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As an assistant professor of food virology at the University of Georgia Center for Food Safety in Griffin, Malak Esseili has been focused on studying the microbial ecology of human viral pathogens (such as human noroviruses), and now her work includes the emerging viral pathogen SARS-CoV-2 (the virus that causes COVID-19). CAES News
As an assistant professor of food virology at the University of Georgia Center for Food Safety in Griffin, Malak Esseili has been focused on studying the microbial ecology of human viral pathogens (such as human noroviruses), and now her work includes the emerging viral pathogen SARS-CoV-2 (the virus that causes COVID-19).
Coronavirus Research
When COVID-19 was identified, Malak Esseili stopped taking her children along on trips to the grocery store and she told her sisters to start wearing scarves as makeshift masks while in public. As an assistant professor of food virology at the University of Georgia Center for Food Safety in Griffin, Esseili studied the emerging viral pathogen SARS-CoV-2 (the virus that causes COVID-19).
A student working on the UGA Tifton Campus weighs tomatoes at the Blackshank Farm. CAES News
A student working on the UGA Tifton Campus weighs tomatoes at the Blackshank Farm.
COVID-10 Ag Safety
Farmers and food processors take routine steps to reduce the likelihood of foodborne pathogens, like Salmonella and E. coli, contacting our food and causing illness. The procedures that our food industry takes on a daily basis are also effective in reducing the chances that the coronavirus responsible for COVID-19 will come in contact with the food we eat.
This is the first time that U.S. Census responses are widely being submitted online, although paper and telephone self-responses are also being accepted through Oct. 31. CAES News
This is the first time that U.S. Census responses are widely being submitted online, although paper and telephone self-responses are also being accepted through Oct. 31.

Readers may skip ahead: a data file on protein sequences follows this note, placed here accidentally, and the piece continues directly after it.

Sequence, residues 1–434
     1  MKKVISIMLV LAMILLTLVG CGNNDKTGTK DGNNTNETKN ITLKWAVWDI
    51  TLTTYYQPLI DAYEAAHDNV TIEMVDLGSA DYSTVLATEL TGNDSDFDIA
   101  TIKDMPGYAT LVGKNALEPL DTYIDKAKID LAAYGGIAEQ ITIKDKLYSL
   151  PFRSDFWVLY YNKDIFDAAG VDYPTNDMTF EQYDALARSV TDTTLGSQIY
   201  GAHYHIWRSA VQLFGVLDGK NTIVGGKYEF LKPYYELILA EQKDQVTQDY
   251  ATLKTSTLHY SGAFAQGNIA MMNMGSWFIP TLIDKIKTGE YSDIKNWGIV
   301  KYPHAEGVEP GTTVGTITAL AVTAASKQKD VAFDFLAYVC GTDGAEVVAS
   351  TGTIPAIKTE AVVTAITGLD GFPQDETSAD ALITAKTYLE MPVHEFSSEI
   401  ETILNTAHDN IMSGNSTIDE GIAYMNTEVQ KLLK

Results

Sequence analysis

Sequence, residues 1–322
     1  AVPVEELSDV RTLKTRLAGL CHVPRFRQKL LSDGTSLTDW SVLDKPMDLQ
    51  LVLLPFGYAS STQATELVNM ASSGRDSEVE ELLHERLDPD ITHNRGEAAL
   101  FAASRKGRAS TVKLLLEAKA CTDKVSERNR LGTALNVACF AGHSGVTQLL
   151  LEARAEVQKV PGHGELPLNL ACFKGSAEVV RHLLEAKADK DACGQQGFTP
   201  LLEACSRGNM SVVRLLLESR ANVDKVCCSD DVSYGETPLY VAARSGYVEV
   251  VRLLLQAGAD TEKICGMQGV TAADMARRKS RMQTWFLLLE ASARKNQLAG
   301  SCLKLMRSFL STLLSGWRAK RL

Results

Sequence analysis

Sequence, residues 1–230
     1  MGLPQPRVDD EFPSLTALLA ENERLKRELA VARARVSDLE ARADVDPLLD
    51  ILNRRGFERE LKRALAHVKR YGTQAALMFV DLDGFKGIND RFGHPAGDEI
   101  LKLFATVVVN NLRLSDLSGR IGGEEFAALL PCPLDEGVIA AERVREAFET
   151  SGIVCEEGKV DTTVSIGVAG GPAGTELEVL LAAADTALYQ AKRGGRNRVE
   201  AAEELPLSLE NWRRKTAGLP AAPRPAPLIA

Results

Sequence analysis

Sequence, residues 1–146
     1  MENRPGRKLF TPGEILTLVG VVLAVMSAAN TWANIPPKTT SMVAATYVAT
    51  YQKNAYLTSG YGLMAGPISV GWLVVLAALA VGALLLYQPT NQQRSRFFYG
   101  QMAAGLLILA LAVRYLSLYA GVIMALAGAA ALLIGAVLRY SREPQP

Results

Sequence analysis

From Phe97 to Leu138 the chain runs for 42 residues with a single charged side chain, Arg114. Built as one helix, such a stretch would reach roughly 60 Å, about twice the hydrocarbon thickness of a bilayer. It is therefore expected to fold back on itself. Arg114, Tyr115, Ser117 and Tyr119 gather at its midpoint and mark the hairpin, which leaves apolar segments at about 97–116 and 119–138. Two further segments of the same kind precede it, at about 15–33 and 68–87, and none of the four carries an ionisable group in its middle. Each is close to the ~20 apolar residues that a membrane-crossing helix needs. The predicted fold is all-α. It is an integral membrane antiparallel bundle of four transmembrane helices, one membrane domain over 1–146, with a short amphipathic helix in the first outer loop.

2020 Census
The COVID-19 pandemic has affected much of daily life for Americans, but a few minutes spent completing the 2020 U.S. Census now will make a big impact in the coming decade.
Squash plants grow in the UGA Research and Education Garden. CAES News
Squash plants grow in the UGA Research and Education Garden.
Vegetable Gardening
While adults and children spend more time at home as a result of the COVID-19 crisis, planting a garden or container garden is a great activity to plan together. It’s outside, active, educational and edible. With some grocery stores taking longer than usual to stock some items, vegetable gardening is a great way to keep your refrigerator stocked.
Georgia 4-H offers digital environmental education series CAES News
Georgia 4-H offers digital environmental education series
Virtual EE
Each spring, thousands of K-12 students attend environmental education camps at Georgia 4-H facilities across the state. They hold snakes, hike through creeks and marshes, visit historic sites and enjoy nature; all with a goal of learning about the environment. Since the COVID-19 outbreak has public schools closed, school buses parked and Georgians sheltered in place, the Georgia 4-H Environmental Education Program is now being offered virtually.
Producers should educate workers on COVID-19 symptoms, how it spreads and how to reduce the spread of the disease at farms and packinghouses. CAES News